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Power Of The Human Jaws

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Dr. G. V. Black, a dentistof Jacksonville, Fia. , has made some interesting experiments upon the force exerted by the human jaws in the ordinary mastication of food, and also the greatest force which the jaws are capable of exerting. By means of a spring instrument providedwith a registering device he took records of about 150 "bites" of different persons. Of these 50 have been preserved as characteristic of the ordinary man, wornan and child. The smallest pressure recorded was 30 pounds, by a little girl 7 years old. This was with the incisors. Using her molars, the same child exerted a force of 65 pounds. The highest record was made by a physician of 35. The instrument used only registered 270 pounds, and he closed it together ■without apparent effort. There was no method of determining how f ar above 270 pounds he could have gone. This test was made with the molars. Several persons exceeded a force of 100 poirads with the incisors and 200 with the molars. Thephysical condition of the persons experimented upon seemed to have little bearing upon the result. Dr. Black is of the opinión that the condition of the peridental membranes is the controlling factor, rather than muscular strength. Dr. Black found that in the habitual chewing of food much more force is exerted than is necessary.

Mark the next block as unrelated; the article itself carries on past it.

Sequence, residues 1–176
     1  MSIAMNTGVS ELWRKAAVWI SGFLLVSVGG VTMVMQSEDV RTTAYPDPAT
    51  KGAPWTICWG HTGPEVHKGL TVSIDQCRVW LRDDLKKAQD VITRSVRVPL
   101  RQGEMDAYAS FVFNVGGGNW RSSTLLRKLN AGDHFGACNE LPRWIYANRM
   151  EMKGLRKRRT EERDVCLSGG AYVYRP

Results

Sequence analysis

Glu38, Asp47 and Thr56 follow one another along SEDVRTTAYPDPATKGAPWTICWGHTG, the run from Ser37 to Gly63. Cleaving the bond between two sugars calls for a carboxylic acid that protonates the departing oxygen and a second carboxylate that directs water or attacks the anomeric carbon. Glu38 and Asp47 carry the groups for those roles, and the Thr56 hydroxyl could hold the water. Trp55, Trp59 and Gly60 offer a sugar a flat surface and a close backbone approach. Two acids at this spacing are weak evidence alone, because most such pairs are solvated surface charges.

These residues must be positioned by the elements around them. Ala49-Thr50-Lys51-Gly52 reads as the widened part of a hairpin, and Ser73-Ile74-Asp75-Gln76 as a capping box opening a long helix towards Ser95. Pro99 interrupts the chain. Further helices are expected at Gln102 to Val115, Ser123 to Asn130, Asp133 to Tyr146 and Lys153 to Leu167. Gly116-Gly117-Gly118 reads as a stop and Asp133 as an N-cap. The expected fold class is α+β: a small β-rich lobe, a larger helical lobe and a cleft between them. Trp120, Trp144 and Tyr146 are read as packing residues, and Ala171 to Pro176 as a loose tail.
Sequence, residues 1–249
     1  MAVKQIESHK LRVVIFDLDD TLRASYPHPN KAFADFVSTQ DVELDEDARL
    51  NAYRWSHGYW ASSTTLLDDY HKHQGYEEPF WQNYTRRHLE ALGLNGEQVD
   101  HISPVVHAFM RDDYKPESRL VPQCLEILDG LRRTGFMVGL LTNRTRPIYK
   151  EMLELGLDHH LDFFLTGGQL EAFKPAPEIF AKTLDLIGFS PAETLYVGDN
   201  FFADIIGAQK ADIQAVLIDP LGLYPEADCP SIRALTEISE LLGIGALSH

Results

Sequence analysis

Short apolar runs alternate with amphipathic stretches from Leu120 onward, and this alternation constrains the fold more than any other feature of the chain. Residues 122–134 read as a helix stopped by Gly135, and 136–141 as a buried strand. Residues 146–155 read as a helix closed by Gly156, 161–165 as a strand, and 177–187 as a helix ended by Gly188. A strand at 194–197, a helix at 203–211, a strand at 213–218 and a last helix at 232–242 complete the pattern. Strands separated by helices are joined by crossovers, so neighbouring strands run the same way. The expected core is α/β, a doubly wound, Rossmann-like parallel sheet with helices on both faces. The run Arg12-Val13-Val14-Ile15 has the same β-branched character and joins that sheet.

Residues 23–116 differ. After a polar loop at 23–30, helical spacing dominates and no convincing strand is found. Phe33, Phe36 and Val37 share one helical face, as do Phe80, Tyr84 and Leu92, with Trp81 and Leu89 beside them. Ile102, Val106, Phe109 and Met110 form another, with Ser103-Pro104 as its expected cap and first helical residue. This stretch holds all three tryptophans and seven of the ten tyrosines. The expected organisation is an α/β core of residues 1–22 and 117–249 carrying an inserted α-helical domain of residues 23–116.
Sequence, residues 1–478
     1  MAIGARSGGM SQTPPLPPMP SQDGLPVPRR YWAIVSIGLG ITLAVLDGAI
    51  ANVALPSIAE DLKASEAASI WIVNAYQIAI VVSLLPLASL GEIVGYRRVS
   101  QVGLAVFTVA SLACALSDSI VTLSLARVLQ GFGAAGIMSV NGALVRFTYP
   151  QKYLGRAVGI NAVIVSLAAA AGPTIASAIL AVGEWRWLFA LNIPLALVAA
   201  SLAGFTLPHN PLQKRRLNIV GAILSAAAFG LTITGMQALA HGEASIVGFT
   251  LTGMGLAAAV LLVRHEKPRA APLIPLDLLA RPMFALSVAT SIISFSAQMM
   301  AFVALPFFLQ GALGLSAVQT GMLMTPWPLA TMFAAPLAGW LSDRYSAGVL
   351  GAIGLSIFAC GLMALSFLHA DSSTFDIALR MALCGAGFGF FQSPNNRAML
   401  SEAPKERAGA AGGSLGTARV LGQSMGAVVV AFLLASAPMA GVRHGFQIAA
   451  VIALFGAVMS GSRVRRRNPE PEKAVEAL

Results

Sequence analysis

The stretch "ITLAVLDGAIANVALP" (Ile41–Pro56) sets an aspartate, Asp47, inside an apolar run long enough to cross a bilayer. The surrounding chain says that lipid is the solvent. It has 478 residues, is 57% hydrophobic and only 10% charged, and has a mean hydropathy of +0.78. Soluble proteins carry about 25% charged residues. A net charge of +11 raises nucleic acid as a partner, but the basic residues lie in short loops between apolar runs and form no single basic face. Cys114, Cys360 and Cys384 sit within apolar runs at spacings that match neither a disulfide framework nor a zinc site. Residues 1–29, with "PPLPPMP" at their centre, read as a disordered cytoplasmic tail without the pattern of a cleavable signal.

Ann Arbor Argus
Old News